Connacht target rare win across the water to secure European quarter-final spot
Andy Friend optimistic his province can produce third win against a Premiership side
Connacht head coach Andy Friend during training ahead of his side’s clash with Leicester. Photograph: Laszlo Geczo/Inpho
Statistics do not lie. Connacht’s European record in England is nothing short of woeful. And when they head to Leicester for this evening’s Challenge Cup round of 16, they do so with a heavy burden – just two wins against Premiership sides, Northampton and Worcester Warriors, in their long history of European competition.
On the flip side, it will be also be an incentive and coach Andy Friend, having secured notable away wins over Ulster and Leinster during his tenure, would like nothing better than to add another milestone in his third season at the Sportsground.
Now in the knockout stages, this winner-takes-all contest for a quarter-final spot will be a real measure of Connacht’s continuing growth and self-belief that they can add a second trophy since the 2016 Pro12 success.
Since their exit from the Champions Cup, Friend has always viewed this next challenge as a real opportunity to claim silverware. Similarly, Leicester coach Steve Borthwick will view the competition as an added incentive to his primary aim of qualifying for Champions Cup rugby next season through the premiership.
His Tigers have seen off Brive comfortably at home by 39-17, before carved out a 28-20 win over Bayonne in France, to finish fourth of the 14 Challenge Cup competitors and guarantee this home draw. But Connacht should enter this evening’s fixture with a psychological advantage, having started this season’s European action as a Champions Cup team. Despite their two defeats, Connacht came ever so close to pulling off a victory over Racing 92, losing 26-22, followed by an 18-27 defeat to Pat Lam’s Bristol Bears before the enforced Covid cancellation and revised tournament format.
Friend’s hand has been limited this week with the loss of three key players – Ireland’s Quinn Roux still recovering from a shoulder injury, and Bundee Aki and captain Jarrad Butler who are both ruled out with red cards. However, the Connacht coach believes there is sufficient experience within the squad to pull off a rare win across the water.
That includes a return to the halfback partnership of Kieran Marmion and Jack Carty, the experienced Matt Healy and current Pro14 top try-scorer Alex Wootton on the wings, while Friend has named a hugely experienced and familiar frontrow of Denis Buckley, Dave Heffernan and Finlay Bealham.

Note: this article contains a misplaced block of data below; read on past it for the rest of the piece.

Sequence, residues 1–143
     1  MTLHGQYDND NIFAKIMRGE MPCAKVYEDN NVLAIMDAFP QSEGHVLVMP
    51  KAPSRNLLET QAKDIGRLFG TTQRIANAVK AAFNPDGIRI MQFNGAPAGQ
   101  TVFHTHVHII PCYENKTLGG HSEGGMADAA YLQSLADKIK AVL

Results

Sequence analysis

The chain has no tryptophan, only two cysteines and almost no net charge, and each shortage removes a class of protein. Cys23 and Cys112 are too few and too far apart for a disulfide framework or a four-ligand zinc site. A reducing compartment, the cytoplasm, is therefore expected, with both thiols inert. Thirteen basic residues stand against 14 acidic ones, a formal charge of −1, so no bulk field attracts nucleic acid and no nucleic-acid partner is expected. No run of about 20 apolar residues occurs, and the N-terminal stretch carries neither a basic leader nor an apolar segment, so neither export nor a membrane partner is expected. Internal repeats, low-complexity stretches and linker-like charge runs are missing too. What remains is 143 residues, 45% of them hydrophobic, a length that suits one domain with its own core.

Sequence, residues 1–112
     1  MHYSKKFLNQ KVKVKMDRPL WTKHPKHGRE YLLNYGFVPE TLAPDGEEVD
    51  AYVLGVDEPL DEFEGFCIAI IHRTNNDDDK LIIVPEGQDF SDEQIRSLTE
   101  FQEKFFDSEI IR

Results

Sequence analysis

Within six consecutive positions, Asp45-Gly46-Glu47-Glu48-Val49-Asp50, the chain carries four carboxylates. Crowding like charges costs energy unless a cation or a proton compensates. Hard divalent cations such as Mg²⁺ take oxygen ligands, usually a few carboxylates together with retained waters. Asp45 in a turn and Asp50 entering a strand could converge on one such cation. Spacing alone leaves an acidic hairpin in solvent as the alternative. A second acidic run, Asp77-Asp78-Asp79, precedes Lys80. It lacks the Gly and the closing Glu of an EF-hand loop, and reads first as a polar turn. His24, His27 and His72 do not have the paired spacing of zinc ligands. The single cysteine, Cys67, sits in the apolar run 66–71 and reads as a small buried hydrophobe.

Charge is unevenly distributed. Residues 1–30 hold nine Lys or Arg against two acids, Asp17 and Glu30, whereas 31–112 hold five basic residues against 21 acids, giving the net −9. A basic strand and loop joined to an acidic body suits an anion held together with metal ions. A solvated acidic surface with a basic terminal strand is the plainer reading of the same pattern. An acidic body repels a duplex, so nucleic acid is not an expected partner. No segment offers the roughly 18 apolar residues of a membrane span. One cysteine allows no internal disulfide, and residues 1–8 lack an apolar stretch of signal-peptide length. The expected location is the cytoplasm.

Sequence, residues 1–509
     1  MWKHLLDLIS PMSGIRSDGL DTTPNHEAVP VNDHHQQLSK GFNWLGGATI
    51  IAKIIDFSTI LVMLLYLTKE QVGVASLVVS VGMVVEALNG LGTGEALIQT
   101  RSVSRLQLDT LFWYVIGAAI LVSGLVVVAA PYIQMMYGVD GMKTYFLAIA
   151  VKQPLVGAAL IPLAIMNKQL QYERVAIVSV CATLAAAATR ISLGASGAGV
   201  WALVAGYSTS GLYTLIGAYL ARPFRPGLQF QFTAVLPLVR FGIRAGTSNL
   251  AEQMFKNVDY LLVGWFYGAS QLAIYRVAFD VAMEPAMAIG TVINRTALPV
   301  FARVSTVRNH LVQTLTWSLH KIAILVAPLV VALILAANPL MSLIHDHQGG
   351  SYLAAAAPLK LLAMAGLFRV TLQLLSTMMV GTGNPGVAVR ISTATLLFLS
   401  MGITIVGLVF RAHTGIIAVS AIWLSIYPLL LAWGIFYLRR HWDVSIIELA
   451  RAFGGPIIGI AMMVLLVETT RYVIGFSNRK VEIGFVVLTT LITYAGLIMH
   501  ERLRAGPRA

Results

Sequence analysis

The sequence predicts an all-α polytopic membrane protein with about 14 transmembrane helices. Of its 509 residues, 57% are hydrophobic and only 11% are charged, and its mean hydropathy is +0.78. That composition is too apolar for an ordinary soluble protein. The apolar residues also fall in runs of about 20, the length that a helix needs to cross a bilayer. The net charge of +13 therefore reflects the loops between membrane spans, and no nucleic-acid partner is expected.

In the absence of Roux, Connacht is blessed with a solid partnership in the secondrow of Ultan Dillane and Gavin Thornbury, while Eoghan Masterson will no doubt add to the lineout at blindside flank. Number eight Paul Boyle captains the side, with Conor Oliver at openside.
In addition to Aki, the loss of key midfield players this season, notably Tom Farrell, Sam Arnold and Peter Robb, is an opportunity for youngster Sean O’Brien to step up, partnering Tom Daly, who has been a rock in the centre. Friend also will look to John Porch at fullback to counter-attack when the opportunity arises.
In what is expected to be a physically demanding contest, consistent with Borthwick’s philosophy, Connacht will need to fire some shots, whether running form deep or kicking for territory to “move them around”. However, it is up front where Connacht need to stand their ground. The set piece and maul is part and parcel of Leicester’s game, where they are boosted by three South Africans, including the former Jaguares lock Tomas Lavanini and number eight Jasper Wiese.
Although missing some notable players, namely the injured Nemani Nadolo, number eight Hanro Liebenbergn, frontrowers Dan Cole and Ellis Genge, in addition to outhalf George Ford, the hugely experienced scrumhalf Ben Youngs will captain the side. He is expected to direct the show alongside former Ireland under-20 and Ulster outhalf Johnny McPhillips, with Argentinian Matias Maroni named in the centre.
There is no doubt Leicester is a team on the up. Once double Heineken Cup champions, their star has waned, but they are aiming for better days again. Playing with confidence and a hard edge instilled by Borthwick, they have moved up the premiership table with wins over London Irish, Gloucester and Newcastle in the last month.
However, Friend believes his team is better prepared after their recent battle with Munster, if they produce the necessary work rate and make opportunities count.
“We know Connacht’s form against English sides hasn’t been great over the course of history, and we know we are up against a very formidable team, but we want to go and win it.
“When we have the ball, we have to win collisions, and if we do, we have to be brave enough to play as well,” he says. “It’s about having clarity of what the job is and turning up with our best game heads on – that is what this game is all about.”
It has been something of an unsettling week for Connacht with the announced loss of two homegrown coaches, Nigel Carolan and Jimmy Duffy. Carolan was on that first winning side in Northampton, in a backline that included current CEO Willie Ruane, academy boss Eric Elwood, and Mervyn Murphy of Connacht Rugby’s talent development.
But as Connacht head to Leicester for the first time, there is a heightened sense of anticipation they can do what only two Connacht teams have achieved since Warren Gatland’s side pulled off that notable double over Northampton in the 1997/8 season. A victory in Welford Road would also ensure Connacht qualify for another European quarter-final.